Family Law Prof Blog

Editor: Margaret Ryznar
Indiana University
Robert H. McKinney School of Law

Friday, January 27, 2006

Case Law Development: Attorney Advice to Violate Divorce Decree Results in Suspension

In another blow against hardball litigation tactics in divorce actions, a divorce attorney was given a two-year suspension for counseling Husband not to comply with the part of the divorce decree requiring that transfer certain documents and information to his former wife within 30 days. Rather the attorney had drafted deeds transferring the property to others and then, after her client was in contempt, drafted a deed transferring the property to wife, even though at that point her client no longer owned the property.

The Supreme Court of Nebraska, in affirming the recommendation of discipline, concluded "it is apparent that [Attorney] assisted her client, Ronnie, in an attempt to frustrate his divorce decree and that when that attempt failed, she engaged in a prolonged series of misleading transactions intended to extricate herself and Ronnie from the consequences of her actions. Not only was her conduct deceitful and prejudicial to the administration of justice, but it was a poor discharge of her ethical responsibility to Ronnie, who landed in jail as a result of [her] counsel." The court concluded that the attorneys' conduct involved dishonesty, fraud, deceit, or misrepresentation; that she counseled and assisted her client in conduct she knew to be illegal or fraudulent; and that she engaged in conduct prejudicial to the administration of justice.

State ex rel. Counsel for Discipline v. Horneber,  270 Neb. 951; 2006 Neb. LEXIS 13 (January 20, 2006)
Opinion available on the web (last visited January 25, 2006 bgf)

Continue reading

January 27, 2006 in Attorneys | Permalink | Comments (0) | TrackBack (0)

Tuesday, December 6, 2005

Case Law Development: Consecutive Discipline Appropriate for Family Law Magistrate's Sexual Assault of Petitioners

The West Virginia Supreme Court censured a magistrate judge, imposing four one-year suspensions and fines totaling $20,000, in a case in which the magistrate judge had sexually assaulted women, two of whom had come to the court for protective orders in domestic violence cases.   In justifying the consecutive imposition of separate sanctions for each of the four violations, the court expressed its outrage at the magistrate's conduct: "Imagine going to a magistrate's office to fill out a domestic violence petition after being beaten so badly that you required medical attention and then having the magistrate grab you and engage in revolting and inappropriate sexual contact. Such conduct cannot and will not be tolerated by this Court."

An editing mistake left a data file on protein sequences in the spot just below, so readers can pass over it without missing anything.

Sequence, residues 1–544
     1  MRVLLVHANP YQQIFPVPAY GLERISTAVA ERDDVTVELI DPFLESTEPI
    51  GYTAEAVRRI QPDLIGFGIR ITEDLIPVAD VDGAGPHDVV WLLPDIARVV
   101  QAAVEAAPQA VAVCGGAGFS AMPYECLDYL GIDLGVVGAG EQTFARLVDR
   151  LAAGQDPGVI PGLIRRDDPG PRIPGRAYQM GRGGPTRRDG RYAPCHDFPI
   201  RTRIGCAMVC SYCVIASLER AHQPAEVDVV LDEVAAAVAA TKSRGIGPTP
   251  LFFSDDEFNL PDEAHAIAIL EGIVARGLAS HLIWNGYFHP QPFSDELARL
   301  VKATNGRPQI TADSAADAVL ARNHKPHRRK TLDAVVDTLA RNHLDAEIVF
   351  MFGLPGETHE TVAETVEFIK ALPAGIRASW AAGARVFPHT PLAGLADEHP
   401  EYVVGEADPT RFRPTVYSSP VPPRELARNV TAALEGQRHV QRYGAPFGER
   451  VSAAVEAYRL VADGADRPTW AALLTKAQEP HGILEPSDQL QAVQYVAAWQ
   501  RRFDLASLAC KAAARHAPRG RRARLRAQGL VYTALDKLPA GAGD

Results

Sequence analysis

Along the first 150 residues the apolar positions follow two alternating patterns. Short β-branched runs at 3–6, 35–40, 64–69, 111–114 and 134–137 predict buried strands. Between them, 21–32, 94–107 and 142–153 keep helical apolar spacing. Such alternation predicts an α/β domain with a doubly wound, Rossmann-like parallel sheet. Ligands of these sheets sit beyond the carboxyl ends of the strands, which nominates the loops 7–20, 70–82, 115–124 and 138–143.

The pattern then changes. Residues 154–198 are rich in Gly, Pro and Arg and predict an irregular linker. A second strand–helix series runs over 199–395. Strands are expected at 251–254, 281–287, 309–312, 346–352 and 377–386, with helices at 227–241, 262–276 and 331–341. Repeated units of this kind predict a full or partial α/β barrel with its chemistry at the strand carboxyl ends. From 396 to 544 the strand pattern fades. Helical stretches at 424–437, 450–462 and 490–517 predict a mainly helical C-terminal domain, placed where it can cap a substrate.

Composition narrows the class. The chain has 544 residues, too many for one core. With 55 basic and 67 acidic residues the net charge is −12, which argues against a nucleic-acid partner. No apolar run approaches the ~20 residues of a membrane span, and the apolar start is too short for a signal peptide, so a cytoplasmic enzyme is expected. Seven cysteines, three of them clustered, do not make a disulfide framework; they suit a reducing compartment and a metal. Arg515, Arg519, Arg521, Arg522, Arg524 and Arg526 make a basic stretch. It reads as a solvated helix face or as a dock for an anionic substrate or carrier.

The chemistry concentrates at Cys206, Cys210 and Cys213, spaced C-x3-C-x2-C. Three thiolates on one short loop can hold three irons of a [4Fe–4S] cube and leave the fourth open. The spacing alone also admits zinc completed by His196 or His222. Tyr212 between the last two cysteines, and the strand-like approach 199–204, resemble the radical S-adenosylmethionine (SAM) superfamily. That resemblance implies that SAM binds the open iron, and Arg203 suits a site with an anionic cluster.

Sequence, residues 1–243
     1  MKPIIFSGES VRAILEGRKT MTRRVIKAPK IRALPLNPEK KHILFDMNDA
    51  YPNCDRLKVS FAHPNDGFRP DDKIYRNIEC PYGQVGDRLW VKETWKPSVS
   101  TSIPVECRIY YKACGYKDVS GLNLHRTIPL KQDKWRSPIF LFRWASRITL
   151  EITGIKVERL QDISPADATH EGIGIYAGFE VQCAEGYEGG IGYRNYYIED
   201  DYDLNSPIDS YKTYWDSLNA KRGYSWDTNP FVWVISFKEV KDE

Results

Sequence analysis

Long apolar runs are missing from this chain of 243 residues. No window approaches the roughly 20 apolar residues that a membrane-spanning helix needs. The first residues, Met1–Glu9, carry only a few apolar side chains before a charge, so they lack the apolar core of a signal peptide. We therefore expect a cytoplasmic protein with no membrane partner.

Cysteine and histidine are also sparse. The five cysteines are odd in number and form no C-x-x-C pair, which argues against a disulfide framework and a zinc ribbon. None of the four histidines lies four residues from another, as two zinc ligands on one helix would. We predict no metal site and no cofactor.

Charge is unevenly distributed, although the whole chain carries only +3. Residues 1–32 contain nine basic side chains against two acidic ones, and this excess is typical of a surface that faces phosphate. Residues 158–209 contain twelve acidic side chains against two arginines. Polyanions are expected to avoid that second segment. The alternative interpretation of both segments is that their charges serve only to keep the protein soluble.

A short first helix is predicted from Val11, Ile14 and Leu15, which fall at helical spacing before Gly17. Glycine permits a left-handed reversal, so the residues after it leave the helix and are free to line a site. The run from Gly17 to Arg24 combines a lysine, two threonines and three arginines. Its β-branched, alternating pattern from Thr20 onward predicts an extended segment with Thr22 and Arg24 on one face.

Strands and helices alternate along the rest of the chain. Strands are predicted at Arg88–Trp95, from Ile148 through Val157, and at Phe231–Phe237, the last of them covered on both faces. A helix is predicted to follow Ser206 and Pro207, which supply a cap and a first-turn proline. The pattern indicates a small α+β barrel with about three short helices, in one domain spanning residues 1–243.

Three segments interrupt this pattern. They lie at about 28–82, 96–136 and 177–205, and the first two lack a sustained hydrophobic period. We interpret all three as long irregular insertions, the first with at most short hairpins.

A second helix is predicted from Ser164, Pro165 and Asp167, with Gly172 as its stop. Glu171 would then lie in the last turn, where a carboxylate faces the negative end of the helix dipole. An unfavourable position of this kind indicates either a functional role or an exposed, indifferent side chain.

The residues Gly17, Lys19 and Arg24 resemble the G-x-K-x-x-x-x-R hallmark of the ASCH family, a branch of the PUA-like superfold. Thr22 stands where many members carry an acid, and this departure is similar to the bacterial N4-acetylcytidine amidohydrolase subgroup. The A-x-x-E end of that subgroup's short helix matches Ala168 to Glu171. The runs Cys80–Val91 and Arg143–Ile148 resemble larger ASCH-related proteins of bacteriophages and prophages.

In re Toler, 2005 W. Va. LEXIS 177 (December 2, 2005)
Opinion on the web at http://www.state.wv.us/wvsca/docs/fall05/31797.htm (last visited December 5, 2005 bgf)

December 6, 2005 in Attorneys, Domestic Violence | Permalink | Comments (0)

Case Law Development: Malpractice in Drafting Pre-Nuptials

The Michigan Court of Appeals, in a 2-1 decision, upheld summary judgment for an attorney in a malpractice action based on his drafting of a prenuptial agreement.  The attorney had provided his client (Wife) with the agreement and instructed her to attach a list of assets to the agreement.  She did so, but without including values of the assets on the list.  When, in her subsequent divorce, the antenuptial was set aside for failure to disclose financial assets, Wife sued the attorney for malpractice.  The majority of the court of appeals upheld the trial court's summary judgment on the basis that the failure to disclose values in the asset list was only one factor in the court's decision to set aside the prenuptial, so that Wife could not prove that the attorney's negligence was the proximate cause of the court's action.